Overall, we conclude that the non-Commonwealth Excess Policies unambiguously establish that the Flood sublimit applies to loss and damage as respects Flood caused by, associated with, or occurring in conjunction with Hurricane Katrina.
2. The Commonwealth Policy
Six Flags argues that the Commonwealth Flood definition endorsement evidences the Excess Insurers' intent to prevent the applicability of the Flood sublimit to loss caused by a Named Storm. In its only relevant departure from the other Excess Policies, the Commonwealth Flood definition endorsement replaces the language to define the term “Flood.” It states that:
The term “flood” is defined as loss or damage caused by waves, tidal water or tidal wave, overflow of streams or other bodies of water, or spray from any of the foregoing, all whether driven by wind or not. Loss resulting from, contributed to or aggravated by a “flood” caused by a peril not otherwise excluded under this policy shall not be considered in application of the policy “flood” limit or deductible provisions.
Six Flags argues that this endorsement clarifies, for the Commonwealth policy as well as for the non-Commonwealth Excess Policies, that Flood caused by the peril of a Named Storm is not considered in the application of the Flood sublimit. The Excess Insurers counter that Commonwealth's definition of Flood means only that loss caused by other perils is not subject to the Flood sublimit and the inclusion of the phrase “all whether driven by wind or not,” which has been universally interpreted to include hurricane-related flooding, would be rendered ineffective.
We conclude that the Commonwealth Flood definition endorsement creates an ambiguity in the Commonwealth policy but not the non-Commonwealth Excess Policies. One reasonable interpretation of the endorsement, when considered with the entire Commonwealth policy, is that loss resulting from a flood caused by a peril (such as a Named Storm) is not subject to the Flood sublimit. The Excess Insurers do not dispute that Hurricane Katrina was a Named Storm and cannot (at least at this time) dispute that Hurricane Katrina caused the flooding at issue here. Thus, under this interpretation, the Flood sublimit would not apply to loss resulting from the flood at the Six Flags New Orleans theme park caused by Hurricane Katrina.
The Excess Insurers counter that Commonwealth's re-wording was meant only to clarify that loss caused by a separate peril is not subject to the Flood sublimit when that loss also resulted from Flood.13 Thus, the Excess Insurers argue that “caused by a peril” modifies “loss”-for Six Flags, “caused by a peril” modifies “flood.” Even if this alternative interpretation is reasonable, which we do not decide at this time, the existence of two reasonable alternative interpretations would create an ambiguity in the Commonwealth policy. See Bonin, 930 So.2d at 911 (holding that a provision in an insurance contract is ambiguous if it is susceptible to two or more reasonable interpretations). While we do not conclude at this time that only one reasonable interpretation is possible, we simply hold that at least one reasonable interpretation favors coverage of the loss from Hurricane Katrina without application of the Flood sublimit. The district court may decide in the first instance whether the Excess Insurers' proposed alternative interpretations are reasonable.14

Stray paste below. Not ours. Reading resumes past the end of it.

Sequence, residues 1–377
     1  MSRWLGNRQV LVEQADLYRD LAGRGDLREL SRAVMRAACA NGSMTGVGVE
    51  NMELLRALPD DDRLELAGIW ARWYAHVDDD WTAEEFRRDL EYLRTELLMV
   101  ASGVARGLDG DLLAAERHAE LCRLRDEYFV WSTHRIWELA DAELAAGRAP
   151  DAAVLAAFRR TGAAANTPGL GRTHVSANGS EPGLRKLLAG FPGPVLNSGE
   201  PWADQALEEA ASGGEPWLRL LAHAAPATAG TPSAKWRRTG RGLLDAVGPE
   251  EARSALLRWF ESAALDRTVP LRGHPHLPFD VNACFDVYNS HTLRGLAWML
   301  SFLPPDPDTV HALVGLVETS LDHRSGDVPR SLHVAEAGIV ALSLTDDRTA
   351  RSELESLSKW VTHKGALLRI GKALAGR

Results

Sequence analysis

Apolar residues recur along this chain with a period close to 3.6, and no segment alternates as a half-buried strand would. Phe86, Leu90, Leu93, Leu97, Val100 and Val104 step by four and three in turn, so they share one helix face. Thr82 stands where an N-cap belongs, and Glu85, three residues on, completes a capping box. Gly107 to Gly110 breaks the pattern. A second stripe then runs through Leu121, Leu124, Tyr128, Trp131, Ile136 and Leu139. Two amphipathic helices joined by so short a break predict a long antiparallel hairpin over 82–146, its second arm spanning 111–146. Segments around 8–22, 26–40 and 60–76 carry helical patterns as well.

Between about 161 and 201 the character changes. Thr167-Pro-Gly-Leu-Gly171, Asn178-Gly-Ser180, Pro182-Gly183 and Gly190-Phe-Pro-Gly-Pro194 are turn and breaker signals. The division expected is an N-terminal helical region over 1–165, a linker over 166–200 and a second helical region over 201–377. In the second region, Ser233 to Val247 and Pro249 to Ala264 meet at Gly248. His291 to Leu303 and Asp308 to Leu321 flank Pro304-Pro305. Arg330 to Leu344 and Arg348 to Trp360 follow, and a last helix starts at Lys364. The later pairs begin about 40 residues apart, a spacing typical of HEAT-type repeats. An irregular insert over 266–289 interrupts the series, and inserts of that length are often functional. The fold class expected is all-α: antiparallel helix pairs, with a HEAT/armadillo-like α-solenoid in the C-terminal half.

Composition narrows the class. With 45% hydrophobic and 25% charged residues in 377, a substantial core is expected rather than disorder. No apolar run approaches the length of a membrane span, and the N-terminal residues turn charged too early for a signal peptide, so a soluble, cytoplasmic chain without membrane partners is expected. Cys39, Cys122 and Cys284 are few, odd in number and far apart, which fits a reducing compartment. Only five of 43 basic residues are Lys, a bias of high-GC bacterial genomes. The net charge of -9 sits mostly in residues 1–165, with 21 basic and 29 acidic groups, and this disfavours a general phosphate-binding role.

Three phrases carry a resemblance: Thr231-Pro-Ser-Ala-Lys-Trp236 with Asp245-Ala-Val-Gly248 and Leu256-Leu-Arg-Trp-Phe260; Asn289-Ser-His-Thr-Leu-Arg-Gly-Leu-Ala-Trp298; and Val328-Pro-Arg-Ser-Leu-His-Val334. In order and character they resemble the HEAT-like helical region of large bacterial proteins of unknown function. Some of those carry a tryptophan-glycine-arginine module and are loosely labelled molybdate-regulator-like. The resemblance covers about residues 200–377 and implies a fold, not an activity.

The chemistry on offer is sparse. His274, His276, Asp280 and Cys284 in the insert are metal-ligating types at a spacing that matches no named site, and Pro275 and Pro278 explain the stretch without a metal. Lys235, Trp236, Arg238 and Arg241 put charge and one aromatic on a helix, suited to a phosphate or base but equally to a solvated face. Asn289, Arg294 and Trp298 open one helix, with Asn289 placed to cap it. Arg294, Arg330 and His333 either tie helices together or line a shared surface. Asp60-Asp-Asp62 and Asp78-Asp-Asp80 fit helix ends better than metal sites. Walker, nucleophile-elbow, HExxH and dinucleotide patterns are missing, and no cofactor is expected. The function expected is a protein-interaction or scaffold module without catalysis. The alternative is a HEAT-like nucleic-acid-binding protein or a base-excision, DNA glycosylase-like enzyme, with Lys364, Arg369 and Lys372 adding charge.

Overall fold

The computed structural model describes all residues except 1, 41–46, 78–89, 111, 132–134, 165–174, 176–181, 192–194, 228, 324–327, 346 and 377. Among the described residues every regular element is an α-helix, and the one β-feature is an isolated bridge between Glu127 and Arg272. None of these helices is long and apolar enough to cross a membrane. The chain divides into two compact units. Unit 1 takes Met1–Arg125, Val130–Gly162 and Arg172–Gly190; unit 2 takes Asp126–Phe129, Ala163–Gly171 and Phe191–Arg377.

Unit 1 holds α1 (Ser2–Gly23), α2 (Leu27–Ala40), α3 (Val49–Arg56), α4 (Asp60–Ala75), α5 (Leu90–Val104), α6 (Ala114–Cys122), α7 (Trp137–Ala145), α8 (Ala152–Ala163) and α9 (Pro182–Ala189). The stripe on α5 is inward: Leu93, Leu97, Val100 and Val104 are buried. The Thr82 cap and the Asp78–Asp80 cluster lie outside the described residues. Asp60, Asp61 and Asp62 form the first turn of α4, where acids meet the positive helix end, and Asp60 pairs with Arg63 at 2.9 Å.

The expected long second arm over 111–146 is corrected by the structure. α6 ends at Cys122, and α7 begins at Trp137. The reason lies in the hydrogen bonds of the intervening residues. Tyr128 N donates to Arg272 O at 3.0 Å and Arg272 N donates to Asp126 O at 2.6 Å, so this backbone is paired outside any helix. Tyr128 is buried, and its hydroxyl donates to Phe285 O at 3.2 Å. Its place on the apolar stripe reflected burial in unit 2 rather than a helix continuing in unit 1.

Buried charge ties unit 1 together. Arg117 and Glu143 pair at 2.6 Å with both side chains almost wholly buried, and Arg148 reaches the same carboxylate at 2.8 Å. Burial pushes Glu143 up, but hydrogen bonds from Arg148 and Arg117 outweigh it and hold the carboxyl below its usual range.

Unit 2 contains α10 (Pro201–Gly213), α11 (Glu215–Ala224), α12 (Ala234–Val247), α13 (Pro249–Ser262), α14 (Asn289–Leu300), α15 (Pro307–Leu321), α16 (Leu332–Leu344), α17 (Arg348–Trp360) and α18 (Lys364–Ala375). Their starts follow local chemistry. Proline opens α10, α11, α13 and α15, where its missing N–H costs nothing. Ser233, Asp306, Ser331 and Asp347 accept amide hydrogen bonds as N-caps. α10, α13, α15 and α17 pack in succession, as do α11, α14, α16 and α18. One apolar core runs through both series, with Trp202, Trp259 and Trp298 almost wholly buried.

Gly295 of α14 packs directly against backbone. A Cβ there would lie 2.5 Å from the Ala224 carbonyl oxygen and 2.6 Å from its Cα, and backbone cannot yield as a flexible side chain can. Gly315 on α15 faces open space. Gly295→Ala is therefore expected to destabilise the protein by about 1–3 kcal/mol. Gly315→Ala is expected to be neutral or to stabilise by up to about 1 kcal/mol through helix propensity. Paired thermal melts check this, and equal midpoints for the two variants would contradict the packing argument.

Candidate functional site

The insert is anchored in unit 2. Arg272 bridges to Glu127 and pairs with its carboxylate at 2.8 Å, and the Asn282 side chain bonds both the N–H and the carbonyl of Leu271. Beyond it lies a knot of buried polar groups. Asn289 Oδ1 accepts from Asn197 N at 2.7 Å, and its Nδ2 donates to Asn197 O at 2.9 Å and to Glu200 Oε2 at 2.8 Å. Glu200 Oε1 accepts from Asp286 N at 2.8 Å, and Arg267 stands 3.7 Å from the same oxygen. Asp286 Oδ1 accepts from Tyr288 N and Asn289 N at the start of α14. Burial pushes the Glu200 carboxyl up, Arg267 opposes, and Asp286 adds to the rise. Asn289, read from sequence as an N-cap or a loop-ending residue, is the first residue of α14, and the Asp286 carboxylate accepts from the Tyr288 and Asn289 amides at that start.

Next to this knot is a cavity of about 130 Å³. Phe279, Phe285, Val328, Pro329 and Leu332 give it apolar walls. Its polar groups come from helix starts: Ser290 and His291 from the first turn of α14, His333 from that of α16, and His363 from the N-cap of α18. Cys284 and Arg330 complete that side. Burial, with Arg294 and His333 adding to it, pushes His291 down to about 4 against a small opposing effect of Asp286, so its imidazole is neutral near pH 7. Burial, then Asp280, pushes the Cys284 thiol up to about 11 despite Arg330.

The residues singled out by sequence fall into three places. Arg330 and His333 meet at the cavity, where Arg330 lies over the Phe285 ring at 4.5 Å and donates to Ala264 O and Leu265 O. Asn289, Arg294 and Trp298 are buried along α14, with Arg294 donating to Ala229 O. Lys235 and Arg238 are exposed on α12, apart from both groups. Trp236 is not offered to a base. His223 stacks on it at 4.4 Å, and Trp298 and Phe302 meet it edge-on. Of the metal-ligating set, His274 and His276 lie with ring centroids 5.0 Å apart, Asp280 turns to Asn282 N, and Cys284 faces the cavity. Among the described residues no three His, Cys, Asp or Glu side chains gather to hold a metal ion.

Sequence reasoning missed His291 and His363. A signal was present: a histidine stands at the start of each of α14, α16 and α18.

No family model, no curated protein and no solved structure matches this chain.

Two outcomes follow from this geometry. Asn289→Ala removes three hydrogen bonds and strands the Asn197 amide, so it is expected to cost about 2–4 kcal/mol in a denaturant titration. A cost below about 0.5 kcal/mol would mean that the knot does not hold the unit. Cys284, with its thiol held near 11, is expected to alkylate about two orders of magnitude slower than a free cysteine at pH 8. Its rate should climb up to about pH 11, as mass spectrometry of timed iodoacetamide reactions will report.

The Excess Insurers also contend that our interpretation of the Commonwealth policy would render ineffective the phrase “all whether driven by wind or not.” We have interpreted similar language to exclude coverage for hurricane-caused flooding where the policies at issue expressly deny coverage for flooding caused or contributed to by other perils. See Tuepker, 507 F.3d at 352, 354; Leonard, 499 F.3d at 430, 437-38. The phrase, however, is not rendered ineffective here because the Commonwealth policy does not comparably provide for the applicability of the Flood sublimit if the flooding was caused by another peril and because the endorsement arguably dictates the opposite result.15 As noted above, a reasonable interpretation of the policy is that water driven by wind is Flood-giving meaning to that provision; however, if that wind-driven Flood is caused by another covered peril, such as a Named Storm, then the Flood sublimit does not apply. Because a reasonable reading of the Commonwealth Flood definition endorsement leads to the conclusion that it excludes the applicability of the Flood sublimit to Flood that was caused by the peril of a Named Storm-in this case, Hurricane Katrina-we therefore reverse the district court's order granting summary judgment to Commonwealth and remand to the district court.16
Six Flags asserts that this conclusion extends to the non-Commonwealth Excess Policies. In particular, it argues that the definition of Flood in the non-Commonwealth Excess Policies should be read in light of the definition contained in the Commonwealth Flood definition endorsement.17 The non-Commonwealth Excess Policies do not contain a provision that similarly conditions the applicability of the Flood sublimit on the peril causing the flood. Thus, to the extent that the Commonwealth policy differs from the non-Commonwealth Excess Policies, Six Flags asks us to modify the non-Commonwealth Excess Policies to find an ambiguity. We decline to interpret the non-Commonwealth Excess Policies by reference to the Commonwealth Flood definition endorsement. Louisiana statutory rules require that:
No agreement in conflict with, modifying, or extending the coverage of any contract of insurance shall be valid unless it is in writing and physically made a part of the policy or other written evidence of insurance, or it is incorporated in the policy or other written evidence of insurance by specific reference to another policy or written evidence of insurance.